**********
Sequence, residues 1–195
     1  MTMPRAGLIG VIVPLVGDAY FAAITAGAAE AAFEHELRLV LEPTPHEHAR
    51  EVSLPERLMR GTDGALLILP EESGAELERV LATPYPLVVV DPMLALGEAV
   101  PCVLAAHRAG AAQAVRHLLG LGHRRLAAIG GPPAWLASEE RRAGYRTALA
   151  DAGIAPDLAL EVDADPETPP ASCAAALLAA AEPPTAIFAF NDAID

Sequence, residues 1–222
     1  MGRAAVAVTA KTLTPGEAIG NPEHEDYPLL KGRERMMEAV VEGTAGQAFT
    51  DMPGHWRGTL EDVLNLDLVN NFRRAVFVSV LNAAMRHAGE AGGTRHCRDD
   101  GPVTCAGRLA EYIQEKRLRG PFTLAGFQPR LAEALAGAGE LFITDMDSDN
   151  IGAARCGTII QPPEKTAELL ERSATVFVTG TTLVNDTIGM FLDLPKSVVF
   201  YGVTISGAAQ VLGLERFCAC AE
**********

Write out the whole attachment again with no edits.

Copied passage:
Sequence, residues 1–195
     1  MTMPRAGLIG VIVPLVGDAY FAAITAGAAE AAFEHELRLV LEPTPHEHAR
    51  EVSLPERLMR GTDGALLILP EESGAELERV LATPYPLVVV DPMLALGEAV
   101  PCVLAAHRAG AAQAVRHLLG LGHRRLAAIG GPPAWLASEE RRAGYRTALA
   151  DAGIAPDLAL EVDADPETPP ASCAAALLAA AEPPTAIFAF NDAID

Sequence, residues 1–222
     1  MGRAAVAVTA KTLTPGEAIG NPEHEDYPLL KGRERMMEAV VEGTAGQAFT
    51  DMPGHWRGTL EDVLNLDLVN NFRRAVFVSV LNAAMRHAGE AGGTRHCRDD
   101  GPVTCAGRLA EYIQEKRLRG PFTLAGFQPR LAEALAGAGE LFITDMDSDN
   151  IGAARCGTII QPPEKTAELL ERSATVFVTG TTLVNDTIGM FLDLPKSVVF
   201  YGVTISGAAQ VLGLERFCAC AE